The horror, the horror…

With Halloween around the corner, it’s supposed to be time for horror films, but I’m not a big fan of the genre, especially not those of the “gore porn” variety. Saw and  Hostel and their ilk can fuck right off. But… there’s one classic that combines Vincent Price, Shakespeare, and a bit of gore in something that elevates it above the rest. Of course, it was made in the 70’s, so it had a lot of class.

I am not a fan of horror movies, at least not in their modern incarnations. Of course, a lot of classic horror — like every version of Dracula, Frankenstein, the Mummy, etc., actually isn’t modern horror. Neither are more recent examples, like Psycho, Rosemary’s Baby, The Exorcist, The Omen, Alien, The Shining, John Carpenter’s The Thing, or Prince of Darkness.

It’s suspense. Those films were about the lurking potential danger of the monster. And even if in some cases the beast would lash out and kill, it was more about the group dealing with it in an intelligent way, and reacting emotionally to what was going on.

Once the genre started up in slasher mode, with each film trying to out-gore itself while including all of the tropes, I noped out. When we finally hit full-on torture porn in the naughts, I refused to watch any of them anymore. [Warning on that link: While the content is good, the author does terrible violence to proper use of the apostrophe. The horror!]

Still, there are two films that could be counted as somewhere in the zone between slasher and torture that I still consider favorites because there’s just something different about them. One of them you’ve probably heard of: David Fincher’s Se7en, and the fact that a particular uncredited actor in the film turned out to be a predatory monster in real life just adds to it. But again, this film isn’t about the murders. It’s about the journey the two detectives take in trying to catch the killer.

It’s the psychological manipulation that John Doe uses to drive David Mills to do exactly what he’s supposed to do that gives the film its zing. That, and theming the murders on a very well-known trope, the seven deadly sins. It’s intelligent horror not done as a mindless slasher film or an over-the-top splatter-fest. So, again, more suspense.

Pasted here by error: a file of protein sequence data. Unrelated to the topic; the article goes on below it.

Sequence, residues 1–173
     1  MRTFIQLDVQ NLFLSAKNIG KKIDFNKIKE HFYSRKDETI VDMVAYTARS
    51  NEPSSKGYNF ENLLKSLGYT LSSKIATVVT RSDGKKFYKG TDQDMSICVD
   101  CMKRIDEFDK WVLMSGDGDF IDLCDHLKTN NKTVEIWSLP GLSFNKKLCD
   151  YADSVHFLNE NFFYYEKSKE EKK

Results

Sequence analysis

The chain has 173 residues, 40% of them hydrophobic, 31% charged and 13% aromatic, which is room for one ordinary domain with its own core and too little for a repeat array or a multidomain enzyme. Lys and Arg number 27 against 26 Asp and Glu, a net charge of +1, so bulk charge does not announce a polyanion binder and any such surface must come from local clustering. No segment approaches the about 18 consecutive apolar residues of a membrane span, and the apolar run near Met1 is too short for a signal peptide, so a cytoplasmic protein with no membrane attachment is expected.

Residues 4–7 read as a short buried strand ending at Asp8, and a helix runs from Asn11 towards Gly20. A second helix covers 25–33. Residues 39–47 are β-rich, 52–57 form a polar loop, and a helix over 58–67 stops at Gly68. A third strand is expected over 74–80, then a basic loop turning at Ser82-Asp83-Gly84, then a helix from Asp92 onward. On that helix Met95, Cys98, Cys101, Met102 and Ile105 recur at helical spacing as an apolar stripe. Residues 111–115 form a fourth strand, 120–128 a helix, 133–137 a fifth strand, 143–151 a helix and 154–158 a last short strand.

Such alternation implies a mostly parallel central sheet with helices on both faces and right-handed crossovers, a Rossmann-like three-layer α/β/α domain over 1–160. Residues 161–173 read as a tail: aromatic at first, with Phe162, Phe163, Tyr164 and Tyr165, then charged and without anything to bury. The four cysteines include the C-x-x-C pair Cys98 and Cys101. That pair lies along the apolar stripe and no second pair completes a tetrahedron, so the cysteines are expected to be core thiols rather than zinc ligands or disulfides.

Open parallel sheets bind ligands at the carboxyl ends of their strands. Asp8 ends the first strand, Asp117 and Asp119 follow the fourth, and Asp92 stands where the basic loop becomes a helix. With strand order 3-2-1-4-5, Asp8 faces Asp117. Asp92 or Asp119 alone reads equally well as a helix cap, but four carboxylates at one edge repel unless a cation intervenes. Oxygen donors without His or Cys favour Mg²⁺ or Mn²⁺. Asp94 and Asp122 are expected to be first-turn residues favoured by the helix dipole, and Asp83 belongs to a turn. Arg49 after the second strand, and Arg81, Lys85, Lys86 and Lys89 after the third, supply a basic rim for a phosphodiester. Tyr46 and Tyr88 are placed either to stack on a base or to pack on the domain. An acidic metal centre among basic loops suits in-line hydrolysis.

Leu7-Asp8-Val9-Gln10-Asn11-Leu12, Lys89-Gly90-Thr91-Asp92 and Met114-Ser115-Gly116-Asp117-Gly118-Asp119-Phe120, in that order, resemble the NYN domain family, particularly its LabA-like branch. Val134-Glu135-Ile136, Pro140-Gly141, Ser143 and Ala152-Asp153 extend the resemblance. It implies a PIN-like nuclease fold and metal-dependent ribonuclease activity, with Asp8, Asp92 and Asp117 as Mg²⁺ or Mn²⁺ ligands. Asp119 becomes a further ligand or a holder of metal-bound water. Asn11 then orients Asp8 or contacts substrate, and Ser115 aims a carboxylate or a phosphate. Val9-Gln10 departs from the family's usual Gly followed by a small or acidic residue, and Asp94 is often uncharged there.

You’ve probably never heard of the other film, which is a Vincent Price vehicle called Theatre of Blood, but it is a classic, and it shares a lot with the much later Se7en. (Theatre came out in 1973.) In it, Price plays the serial killer with an agenda.

He’s a Shakespearean actor whose style is probably too classically old-school for the era. A quick search showed that the productions of the time at the Royal Shakespeare company favored modern dress and abstract sets. Their 1970s production of Two Gentlemen of Verona looks like a swinger’s pool party, and other productions of the time were equally anachronistic.

Of course, one could argue that Shakespeare should only ever be done in modern dress because that’s what the Bard did in his own time, but, frankly, it’s a lot of fun to have the period costumes with the language.

But I do digress.

In Theatre of Blood, Price’s character, Richard Lionheart, is bitter because a London critic’s society did not give him their best actor of the year award. He comes to their after-party to confront them and claim what he thinks should be his, but they mock him mercilessly. It’s his humiliation that drives his desire for revenge, and the method he uses is… priceless, pardon the pun.

He knocks off the critics one by one following the murders and deaths in the previous season of Shakespeare plays he starred in, and he exploits his knowledge of the critics’ quirks and weaknesses to do it. Being the consummate actor, Lionheart dresses for the roles, sometimes going full-on traditional, as when re-creating moments from Troilus and Cressida, Richard III, or The Merchant of Venice, or going modern dress for Julius Caesar, Cymbeline, Othello, Henry VI, Titus Andronicus, and a failed attempt at Romeo & Juliet. He goes full-on Richard Lionheart for the King Lear inspired finale, though.

Basically, it’s horror done with class and elan and, while there are some gory moments, the film doesn’t dwell on them or make them overly graphic. It’s more about a very clever killer we root for and yet, ultimately, a slightly more clever hero. That, and the fact that Lionheart’s victims tend to be major assholes in their own right.

Price is a standout, ably abetted by (pre-Dame) Diana Rigg as his dutiful daughter, and backed up by an amazing cast of British actors of the era. The film is a comedic gem, and if you’re a horror fan, theatre nerd of any stripe, but particularly if you’re a huge Shakespeare nut, this one is worth finding and then inviting a bunch of like-minded folk over for a viewing.

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